It’s a rout. Hopes dashed. Dreams deferred. By Wednesday, stocks were down over 10% year to date and off 15% since the May 2015 highs. The worst start to a January ever. The headlines were ugly. Bonds provided some “insurance” in diversified portfolios but were only up 2 or 3% year to date compared to a 10% decline for equities. WTI Oil hit $27 a barrel. That was Wednesday.
Oil snapped back +10% on Thursday and Friday after EIA data showed that inventories grew less than expected. It ended the week close to $31, about $1.50 higher than where it began. Stocks rallied hard Thursday and Friday with the S&P 500 closing at 1,907; it was up 1.4% this week but remains down 6.6% for the year.
Most global equity markets ended the week higher erasing steep losses early in the week. The Euro Stoxx 600 ended the week up +1.3%, while Britain’s FTSE gained +1.8%. After being pummeled for several weeks, the Toronto stock exchange gained +5.4%.
Bond prices rallied early in the week and then gave back the gains ending roughly unchanged. The 10 year Treasury closed Friday at 2.05%.
Falling oil prices, China worries and thoughts of central banks running out of ammunition (they are at zero bound already) have unnerved the markets, but it was/is way overdone. Besides it’s really a supply glut in oil that is causing prices to fall, much more so than a lack of demand, which in fact is increasing, by the way. Wells Fargo notes “despite the financial markets’ volatility, our (positive) outlook for the U.S. economy remains intact.” The chart at the bottom of the EYE suggests that a bad January does not necessarily mean a bad year for the markets.
Lots of data to chew on. The IMF cut their global growth forecast from 3.6% to 3.4% for 2016 as China slows. They also cut their forecast for 2017 from 3.8% to 3.6% and warned of downside risks.
China’s GDP increased by 6.8% in the fourth quarter compared with Q4 of 2014, the slowest pace since 2009. Growth is expected to decelerate to 6.5% this year. It’s still very strong.
The Congressional Budget Office (CBO) now projects the US economy will grow at 2.7% in 2016 and that the unemployment rate will fall to 4.5% by year end, versus 5.1% now. The federal deficit will grow from 2.5% of GDP last year to 2.9% in 2016, the first increase since 2009. This will add to growth in 2016.
On Thursday, the ECB’s Mario Draghi said the central bank was willing to consider additional easing in March in light of recent global economic and market developments that create increased downside risk to growth and inflation. Hence ISI below…
ISI: The Central Bank Cavalry Is Coming. “We believe that the dovish ECB meeting today is a prelude to further dovish action from the Fed and BoJ next week. We anticipate that the Fed will signal a “time out” on further hiking and sees a higher than consensus probability – maybe now greater than 50/50 – that the BoJ will increase QE with additional equity ETF purchases.” This idea seemed to stabilize the markets.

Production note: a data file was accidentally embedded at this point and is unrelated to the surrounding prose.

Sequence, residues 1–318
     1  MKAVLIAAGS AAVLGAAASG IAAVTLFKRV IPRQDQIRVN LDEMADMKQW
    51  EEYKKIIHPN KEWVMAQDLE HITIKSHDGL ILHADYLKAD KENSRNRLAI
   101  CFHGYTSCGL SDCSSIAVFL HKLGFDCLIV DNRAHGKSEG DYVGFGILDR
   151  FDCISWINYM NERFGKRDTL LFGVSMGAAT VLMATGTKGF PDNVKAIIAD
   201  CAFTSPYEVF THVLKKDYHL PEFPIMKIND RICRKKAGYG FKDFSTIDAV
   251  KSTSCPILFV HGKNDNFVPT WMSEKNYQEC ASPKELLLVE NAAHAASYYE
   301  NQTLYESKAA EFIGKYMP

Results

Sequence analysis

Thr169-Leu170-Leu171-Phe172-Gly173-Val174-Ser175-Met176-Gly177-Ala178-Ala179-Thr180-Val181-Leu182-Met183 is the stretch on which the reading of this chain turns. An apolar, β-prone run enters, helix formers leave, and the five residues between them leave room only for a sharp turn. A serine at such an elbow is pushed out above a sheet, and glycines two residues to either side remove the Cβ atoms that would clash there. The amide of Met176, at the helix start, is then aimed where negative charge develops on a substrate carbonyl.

It’s earnings season. Bloomberg reports that 73 of the S&P 500 companies have reported Q4 earnings. YoY earnings for these companies are down 2%, while 75% reported positive surprises vs. expectations going in. Clearly, earnings need to improve for stocks to do better. The consensus forecast for 2016 is +8%, but it may be tough sledding.
The world economic forum meeting at Davos, in the Swiss Alps, began this week with its agenda entitled “Mastering the Fourth Industrial Revolution” – as the rich and famous and politicians, discuss how best to respond to the rapid technological change that is disrupting many industries. Apparently APCM’s invitation got lost in the mail….again.
Meanwhile, Puerto Rico’s financial situation is collapsing. It has defaulted on some bond payments, is diverting revenues pledged to repay other debt, and is delaying tax refunds. The commonwealth has more than $70 billion in debt more than any state except NY and California. It says it will have $24 billion less than needed over the next decade to repay principal and interest. Recall PR debt is triple tax exempt and owned by many municipal bond funds. APCM owns no PR bonds.
By the way, municipals outperformed other debt in 2015 and now are fair value at best compared to taxable corporate bonds, especially in the front end.
In an article titled “Where’s the Payoff for Active Investing” Morningstar takes a look at equity fund performance since the market high on May 22 through last Friday. It’s not pretty. It is hard to beat indices, that’s why we favor low cost index funds. If you can’t beat’em, join’em.
Gas at the pump is now around $1.90 a gallon in the lower 48. Closer to $2.25 here in Anchorage. Mortgage rates are down to 3.75% for 30 years. Both are a big positive for the economy.
Jeff Pantages, CFA®
Chief Investment Officer